Student protests draws blood

By Drum Digital
21 October 2016

The #FeesMustFall protest in South Africa has taken a bloody turn with Wits SRC leader Shaeera Kalla being treated in hospital after being shot nine times with rubber bullets at close range.

Across the province, Benjamin Phehla, a student at the Tshwane University of Technology, died after sustaining injuries during a protest.

Phehla is believed to be an outgoing member of the SRC of TUT Soshanguve Campus, and was rushed to hospital after being injured during protests on Thursday. He passed away on Friday morning.

In the Western Cape a security guard is believed to be in a serious condition after students dropped a rock on his head.

Business Tech reported that the South African Police Service (SAPS) has denied that Phehla died as a result of police action, saying that he was one of seven students who were injured when a car smashed into a crowd of protesters between TUT’s north and south campuses.

Spokesperson at the SAPS, Brigadier Sally De Beer, says the SAPS not involved in this incident.

“It has been reported, and confirmed in a statement by TUT, that the accident occurred when traffic disruptions took place on a public road between the north and south campuses of TUT Soshanguve,” she says. “The deceased was injured and later died of his injuries.  The SAPS is investigating a case of culpable homicide.”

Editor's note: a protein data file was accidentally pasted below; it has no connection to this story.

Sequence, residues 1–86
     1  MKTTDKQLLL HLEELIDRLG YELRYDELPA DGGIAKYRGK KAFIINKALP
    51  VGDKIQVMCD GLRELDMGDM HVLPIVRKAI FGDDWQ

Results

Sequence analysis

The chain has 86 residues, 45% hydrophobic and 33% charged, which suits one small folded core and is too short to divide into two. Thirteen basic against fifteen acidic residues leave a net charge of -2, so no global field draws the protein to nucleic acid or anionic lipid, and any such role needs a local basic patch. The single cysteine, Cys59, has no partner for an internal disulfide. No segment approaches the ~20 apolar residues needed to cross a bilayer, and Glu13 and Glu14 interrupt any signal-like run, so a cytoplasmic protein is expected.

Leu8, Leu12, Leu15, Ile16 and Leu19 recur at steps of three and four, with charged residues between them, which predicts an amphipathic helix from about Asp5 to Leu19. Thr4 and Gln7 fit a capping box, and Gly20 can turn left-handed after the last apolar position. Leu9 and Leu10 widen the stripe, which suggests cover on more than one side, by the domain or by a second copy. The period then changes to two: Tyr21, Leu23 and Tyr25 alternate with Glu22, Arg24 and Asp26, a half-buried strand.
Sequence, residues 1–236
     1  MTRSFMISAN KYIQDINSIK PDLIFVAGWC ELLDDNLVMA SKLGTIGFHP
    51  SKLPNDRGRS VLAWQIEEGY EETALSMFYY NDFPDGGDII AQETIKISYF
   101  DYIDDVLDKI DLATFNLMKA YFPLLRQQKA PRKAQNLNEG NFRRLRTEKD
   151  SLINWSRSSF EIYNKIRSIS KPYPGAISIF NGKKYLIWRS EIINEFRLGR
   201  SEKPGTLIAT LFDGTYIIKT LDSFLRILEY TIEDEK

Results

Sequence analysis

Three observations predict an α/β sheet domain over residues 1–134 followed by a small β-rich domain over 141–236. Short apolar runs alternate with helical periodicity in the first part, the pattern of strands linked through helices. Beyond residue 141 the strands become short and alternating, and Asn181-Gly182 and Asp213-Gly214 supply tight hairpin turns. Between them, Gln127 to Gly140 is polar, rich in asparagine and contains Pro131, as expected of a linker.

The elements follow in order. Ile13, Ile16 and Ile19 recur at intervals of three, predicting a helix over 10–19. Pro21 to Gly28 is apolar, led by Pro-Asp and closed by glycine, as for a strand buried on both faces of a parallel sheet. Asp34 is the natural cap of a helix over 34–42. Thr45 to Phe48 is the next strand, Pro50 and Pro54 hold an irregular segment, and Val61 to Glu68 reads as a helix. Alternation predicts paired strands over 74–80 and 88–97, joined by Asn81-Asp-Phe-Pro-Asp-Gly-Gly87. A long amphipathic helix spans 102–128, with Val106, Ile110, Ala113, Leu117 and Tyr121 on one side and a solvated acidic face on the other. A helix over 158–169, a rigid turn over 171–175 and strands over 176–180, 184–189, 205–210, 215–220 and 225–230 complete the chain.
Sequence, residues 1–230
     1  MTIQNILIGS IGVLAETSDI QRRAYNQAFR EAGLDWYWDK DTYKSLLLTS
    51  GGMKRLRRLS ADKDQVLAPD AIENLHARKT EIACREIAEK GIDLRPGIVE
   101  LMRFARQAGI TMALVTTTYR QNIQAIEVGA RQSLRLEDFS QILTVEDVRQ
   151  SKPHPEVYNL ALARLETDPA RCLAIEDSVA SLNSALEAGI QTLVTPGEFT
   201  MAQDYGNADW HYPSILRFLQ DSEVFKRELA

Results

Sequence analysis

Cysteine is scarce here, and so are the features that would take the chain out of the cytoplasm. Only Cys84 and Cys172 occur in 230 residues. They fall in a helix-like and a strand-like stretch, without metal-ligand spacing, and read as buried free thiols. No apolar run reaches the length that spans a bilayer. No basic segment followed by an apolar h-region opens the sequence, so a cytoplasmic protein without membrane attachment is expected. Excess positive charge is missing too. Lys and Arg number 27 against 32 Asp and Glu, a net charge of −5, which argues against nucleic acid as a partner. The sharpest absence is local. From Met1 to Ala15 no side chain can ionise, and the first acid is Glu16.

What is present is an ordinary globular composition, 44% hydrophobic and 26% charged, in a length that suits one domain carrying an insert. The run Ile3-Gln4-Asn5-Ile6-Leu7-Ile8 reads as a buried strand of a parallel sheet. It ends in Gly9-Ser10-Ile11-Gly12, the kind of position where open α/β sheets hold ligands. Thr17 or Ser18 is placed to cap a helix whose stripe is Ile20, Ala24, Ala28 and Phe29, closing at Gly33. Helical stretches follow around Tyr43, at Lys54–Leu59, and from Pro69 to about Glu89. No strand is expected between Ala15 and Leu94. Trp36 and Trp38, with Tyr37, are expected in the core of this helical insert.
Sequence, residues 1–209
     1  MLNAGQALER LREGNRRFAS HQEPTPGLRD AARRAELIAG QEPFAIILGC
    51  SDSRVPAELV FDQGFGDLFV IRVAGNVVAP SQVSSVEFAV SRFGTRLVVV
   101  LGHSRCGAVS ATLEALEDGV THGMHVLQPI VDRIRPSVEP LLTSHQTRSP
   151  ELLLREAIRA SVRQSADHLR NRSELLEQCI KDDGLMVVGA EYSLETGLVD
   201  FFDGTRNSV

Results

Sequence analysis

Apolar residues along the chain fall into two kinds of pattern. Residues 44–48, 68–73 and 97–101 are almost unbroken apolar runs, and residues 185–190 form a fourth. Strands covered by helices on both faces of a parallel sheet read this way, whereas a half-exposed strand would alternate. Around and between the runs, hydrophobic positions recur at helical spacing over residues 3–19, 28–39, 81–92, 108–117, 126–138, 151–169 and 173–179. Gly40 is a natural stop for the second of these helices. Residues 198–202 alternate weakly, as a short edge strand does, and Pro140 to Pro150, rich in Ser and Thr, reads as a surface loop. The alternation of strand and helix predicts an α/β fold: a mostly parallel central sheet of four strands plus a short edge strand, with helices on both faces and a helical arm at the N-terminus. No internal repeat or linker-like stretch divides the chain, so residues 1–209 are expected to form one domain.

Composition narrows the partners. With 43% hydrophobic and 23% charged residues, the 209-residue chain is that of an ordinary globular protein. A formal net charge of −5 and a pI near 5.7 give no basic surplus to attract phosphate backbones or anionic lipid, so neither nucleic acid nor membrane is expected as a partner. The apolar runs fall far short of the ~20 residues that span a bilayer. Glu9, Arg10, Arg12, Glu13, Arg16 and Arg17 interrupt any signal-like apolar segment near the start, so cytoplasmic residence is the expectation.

In the statement the SAPS says they are investigating the shooting of Kalla and that the Acting National Commissioner, Lieutenant General Khomotso Phahlane, directed that the facts be established about the circumstances which led to the incident and the extent of the injuries sustained.

In the meantime the matter has been referred to the Independent Police Investigative Directorate for further investigation.

The ANC Women’s League has condemned the brutal manner in which the police have handled protesting students.

Speaking of the violence at Wits University, the ANCWL said several other students were treated at the campus health and wellness centre - one with a dislocated leg, and another who had fainted at the clinic.

“We find the use of rubber bullets and teargas on an unarmed group of students appalling,” says Secretary-General Meokgo Matuba.

“We believe the role of the law enforcement officers is restoring order in universities, however violent attacks on our children must stop.”

However, she urges students not to destroy property and books while protesting as it undermines their plight.

The SAPS has urged students not to destroy university infrastructure and conduct themselves in a manner that will not provoke the police.

“Members of the SAPS are once again called upon to exercise maximum restraint and to act within the confines of the law. Our approach and management of the situation around campuses must be characterised by discipline and the proportional use of force.”

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